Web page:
Britney Spears fans were feeling oh-so-lucky… but only for a brief moment.
Last week, in a stunning Instagram post, Galerie Sympa in France claimed that it would be giving the “Hit Me Baby One More Time” pop star her debut solo art exhibition. Not only that: the gallery also claimed to now represent the singer, who is also an amateur painter of native plants.
The show was supposedly scheduled to open on January 18 at the gallery’s space in the southwestern village of Figeac.
The exhibition’s title? “Sometimes you just gotta play!!!!!” a nod to Spears’s now-iconic 2017 Instagram video of herself working on two canvases (one of colorful swirls, and the other of Lisa Frank-esque flowers) while Mozart’s “Turkish March” resounds in the background.
But details for the show were otherwise sparse, and when reached for specifics, gallery co-director Jean Colombain said only: “Indeed, we’re showing Britney Spears’s art, as publicized.” Asked for particulars, he said: “We work only with journalists who come to visit our shows, in the flesh.”
But it all unraveled this afternoon when representatives for Spears reached out to the BBC, which also ran a credulous article, to say there was “no truth” to Galerie Sympa’s claims.
As of Tuesday afternoon, the gallery still lists the exhibition as running “till the world ends” (an allusion to Britney’s 2011 song off the album Femme Fatale). The website also prominently features a painting by Spears that was auctioned for charity in Las Vegas in November 2017, when it fetched $10,000 and was purchased by entertainment reporter Robin Leach.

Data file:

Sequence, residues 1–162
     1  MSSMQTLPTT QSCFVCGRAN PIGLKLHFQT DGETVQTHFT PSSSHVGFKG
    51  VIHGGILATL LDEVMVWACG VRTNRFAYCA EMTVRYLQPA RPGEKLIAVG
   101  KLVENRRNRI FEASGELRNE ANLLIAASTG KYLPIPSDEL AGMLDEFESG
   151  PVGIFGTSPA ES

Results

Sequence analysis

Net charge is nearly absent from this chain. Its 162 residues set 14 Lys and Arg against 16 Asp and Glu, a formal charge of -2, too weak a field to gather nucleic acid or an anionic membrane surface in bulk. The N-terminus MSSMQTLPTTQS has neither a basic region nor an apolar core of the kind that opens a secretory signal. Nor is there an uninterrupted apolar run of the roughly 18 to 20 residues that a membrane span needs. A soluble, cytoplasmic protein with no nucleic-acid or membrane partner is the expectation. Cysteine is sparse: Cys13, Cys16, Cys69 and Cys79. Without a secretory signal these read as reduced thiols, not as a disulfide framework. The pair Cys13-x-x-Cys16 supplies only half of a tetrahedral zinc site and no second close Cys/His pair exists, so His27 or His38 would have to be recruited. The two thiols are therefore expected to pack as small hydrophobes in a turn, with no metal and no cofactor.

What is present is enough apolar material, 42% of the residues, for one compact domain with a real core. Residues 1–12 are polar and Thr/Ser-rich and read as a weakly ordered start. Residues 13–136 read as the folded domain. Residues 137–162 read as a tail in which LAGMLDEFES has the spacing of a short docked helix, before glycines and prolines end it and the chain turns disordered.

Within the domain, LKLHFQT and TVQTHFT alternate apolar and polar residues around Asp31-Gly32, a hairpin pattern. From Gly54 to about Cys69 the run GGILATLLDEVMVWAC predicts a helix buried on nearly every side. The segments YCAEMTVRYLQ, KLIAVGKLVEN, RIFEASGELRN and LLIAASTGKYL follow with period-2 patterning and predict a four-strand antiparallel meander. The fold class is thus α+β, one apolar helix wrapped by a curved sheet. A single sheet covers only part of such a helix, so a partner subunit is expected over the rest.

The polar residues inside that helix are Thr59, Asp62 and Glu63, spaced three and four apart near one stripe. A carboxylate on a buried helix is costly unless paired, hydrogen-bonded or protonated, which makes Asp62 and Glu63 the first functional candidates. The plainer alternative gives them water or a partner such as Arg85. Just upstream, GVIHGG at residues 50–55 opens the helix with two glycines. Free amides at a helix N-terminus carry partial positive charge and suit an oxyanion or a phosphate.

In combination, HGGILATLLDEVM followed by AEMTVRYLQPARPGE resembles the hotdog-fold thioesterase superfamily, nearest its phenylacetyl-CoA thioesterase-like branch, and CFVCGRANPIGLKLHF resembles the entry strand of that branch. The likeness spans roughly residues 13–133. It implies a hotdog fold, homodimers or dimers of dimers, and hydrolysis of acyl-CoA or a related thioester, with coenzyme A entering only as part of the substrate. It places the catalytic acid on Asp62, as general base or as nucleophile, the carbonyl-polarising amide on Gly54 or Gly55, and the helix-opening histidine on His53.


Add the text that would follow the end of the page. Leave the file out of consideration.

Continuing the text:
Galerie Sympa’s Instagram page, meanwhile, is still flush with Britney-related content, with recent posts commemorating the 21st anniversary of the release of her debut album … Baby One More Time.
And it may all have been a ploy to boost the career of artist Cédric Fargues, who is the gallery’s co-director.
One post on the gallery’s Instagram page shows a digital collage of three different images of Spears against an abstract background. The caption refers to Fargues, who, it says, “depicts contemporary western culture’s most relevant poetic signifiers when he maps Mariah Carey and Britney Spears in colorfull [sic], dream-like landscapes… Fargues’ work is almost totally disseminated through blogs and Facebook pages, making the powerfull [sic] nature of his social comment diluted and perversally [sic] viral.”
But before the lie came apart on Tuesday, Fargues deflected doubts voiced by Instagram users. Responding to one message expressing uncertainty as to the truth of the Britney Spears show, he replied: “Ur feeling is wrong, it’s a miracle!.”
Follow artnet News on Facebook:
Want to stay ahead of the art world? Subscribe to our newsletter to get the breaking news, eye-opening interviews, and incisive critical takes that drive the conversation forward.